Capitalising on ICT to promote gender equality

By Issa Sikiti da Silva, in Dakar, Senegal

Over the past 25 years, trade openness and the spread of information and communication technologies (ICTs) have expanded economic opportunities, including the increase of female workers in the export and ICT-enabled sectors across countries, according to the  World Development Report 2012.

“At the same time, improvements in ICT technology have allowed women  around the world to access markets in growing numbers by lowering information barriers and reducing the transaction costs associated with market work. Because time and mobility constraints are more severe for women than men, women stand to benefit more from these developments,” the report added.

“These new developments not only help improve the lives of women, but also shows the extent of what the explosion of ICTs can do to take gender equality to another level,” marriage counsellor and feminist Mariam Ba told Biztechafrica.

“I strongly believe that whenever an ICT job is filled by a woman or an ICT business opportunity that would normally go to a man is taken by a woman, the gender equality arrow goes up, and it’s a good omen for woman’s empowerment,” Ba said.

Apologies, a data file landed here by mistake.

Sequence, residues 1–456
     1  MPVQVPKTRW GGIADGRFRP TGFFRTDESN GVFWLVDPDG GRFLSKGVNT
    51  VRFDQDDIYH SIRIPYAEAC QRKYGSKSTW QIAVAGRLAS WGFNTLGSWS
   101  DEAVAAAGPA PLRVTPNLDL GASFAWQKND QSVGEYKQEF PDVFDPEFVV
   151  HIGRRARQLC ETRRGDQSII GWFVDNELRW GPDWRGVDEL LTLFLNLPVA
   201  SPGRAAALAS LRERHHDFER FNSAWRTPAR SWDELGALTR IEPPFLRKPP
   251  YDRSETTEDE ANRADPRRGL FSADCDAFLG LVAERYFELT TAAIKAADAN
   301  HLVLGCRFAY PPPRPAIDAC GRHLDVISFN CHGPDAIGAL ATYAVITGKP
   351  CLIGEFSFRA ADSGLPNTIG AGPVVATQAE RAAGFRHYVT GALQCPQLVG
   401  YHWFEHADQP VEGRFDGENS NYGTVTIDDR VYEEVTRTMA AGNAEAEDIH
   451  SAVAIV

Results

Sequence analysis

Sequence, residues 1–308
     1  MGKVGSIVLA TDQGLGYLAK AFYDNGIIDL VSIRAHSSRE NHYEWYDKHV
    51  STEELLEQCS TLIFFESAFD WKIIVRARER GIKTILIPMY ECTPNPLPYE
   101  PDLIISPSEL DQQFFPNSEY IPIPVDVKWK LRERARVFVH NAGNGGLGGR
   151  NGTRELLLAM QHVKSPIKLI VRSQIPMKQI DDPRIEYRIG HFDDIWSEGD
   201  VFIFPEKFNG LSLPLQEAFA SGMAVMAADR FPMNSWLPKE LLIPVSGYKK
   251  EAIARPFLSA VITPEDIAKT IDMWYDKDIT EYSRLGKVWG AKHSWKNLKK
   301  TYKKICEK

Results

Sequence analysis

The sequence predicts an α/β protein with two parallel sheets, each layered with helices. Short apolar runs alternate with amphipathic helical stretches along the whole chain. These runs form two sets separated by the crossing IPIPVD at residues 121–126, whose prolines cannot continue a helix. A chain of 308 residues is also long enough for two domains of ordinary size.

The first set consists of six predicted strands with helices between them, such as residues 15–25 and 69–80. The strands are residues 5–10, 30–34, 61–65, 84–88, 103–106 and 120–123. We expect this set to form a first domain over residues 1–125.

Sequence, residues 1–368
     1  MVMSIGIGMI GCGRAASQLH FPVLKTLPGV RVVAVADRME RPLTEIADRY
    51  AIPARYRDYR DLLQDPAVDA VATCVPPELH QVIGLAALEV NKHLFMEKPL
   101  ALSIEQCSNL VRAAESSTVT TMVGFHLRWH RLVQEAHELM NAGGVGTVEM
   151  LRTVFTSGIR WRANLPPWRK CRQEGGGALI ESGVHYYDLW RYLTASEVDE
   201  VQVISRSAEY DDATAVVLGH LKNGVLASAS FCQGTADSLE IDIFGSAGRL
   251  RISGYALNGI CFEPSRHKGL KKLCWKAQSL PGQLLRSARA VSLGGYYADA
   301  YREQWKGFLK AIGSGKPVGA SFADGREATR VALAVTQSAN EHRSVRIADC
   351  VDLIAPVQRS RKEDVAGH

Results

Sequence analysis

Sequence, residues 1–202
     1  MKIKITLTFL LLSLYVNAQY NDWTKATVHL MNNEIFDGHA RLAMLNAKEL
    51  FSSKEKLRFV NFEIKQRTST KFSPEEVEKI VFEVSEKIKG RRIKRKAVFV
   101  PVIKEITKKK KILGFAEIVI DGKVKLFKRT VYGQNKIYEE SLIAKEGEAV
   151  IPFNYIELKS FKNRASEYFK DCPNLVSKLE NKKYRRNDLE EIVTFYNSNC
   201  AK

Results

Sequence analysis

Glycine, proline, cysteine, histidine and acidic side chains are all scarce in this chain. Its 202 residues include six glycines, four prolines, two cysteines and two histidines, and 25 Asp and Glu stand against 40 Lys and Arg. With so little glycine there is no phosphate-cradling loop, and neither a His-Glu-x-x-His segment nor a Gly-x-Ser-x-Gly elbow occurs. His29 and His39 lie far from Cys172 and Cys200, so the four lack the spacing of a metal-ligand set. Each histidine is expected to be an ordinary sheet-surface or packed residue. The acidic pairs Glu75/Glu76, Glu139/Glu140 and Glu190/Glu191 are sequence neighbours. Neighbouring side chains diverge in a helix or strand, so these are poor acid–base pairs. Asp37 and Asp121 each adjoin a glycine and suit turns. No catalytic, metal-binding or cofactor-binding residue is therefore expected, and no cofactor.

“Women – educated or uneducated, computer illiterate or literate – have been suffering the same fate, especially in gender-suppressed sub-Saharan Africa, where men have the monopoly of grabbing all the better jobs and business opportunities.”

Ba said African governments needed to increase investments in the ICT sector to help create more jobs and business opportunities for women, and at the same time use ICTs as a tool to promote gender equality.

“Very little is being done in terms of using ICTs to fight gender inequality,” she lamented.

“Traditional media, mostly led and managed by a bunch of conservative of men in many African countries, do create awareness about gender equality, but only selectively and periodically.”

The World Development Report 2012 said the focus here is on cellphones and the Internet because they are the two most commonly available ICTs outside the workplace, and their coverage is expected to continue to rise rapidly.

“We are talking about the mobile explosion in Africa, but is there any special content targeted at promoting gender equality? It’s time to go back to the drawing board and see if we are really taking advantage of the ICTs explosion for the full benefit of women.”

Ba added: “My wish is to see governments around the world, especially in the underdeveloped world, create digital portals to promote gender equality, and technology companies get involved by continuously creating digital spaces and designing mobile applications aimed at encouraging women’s empowerment and integration.”

She said women all over the world pay a heavy price due to what she called ‘discriminatory’ policies enacted by gender-discriminatory policymakers meant to block women’s empowerment by all means.

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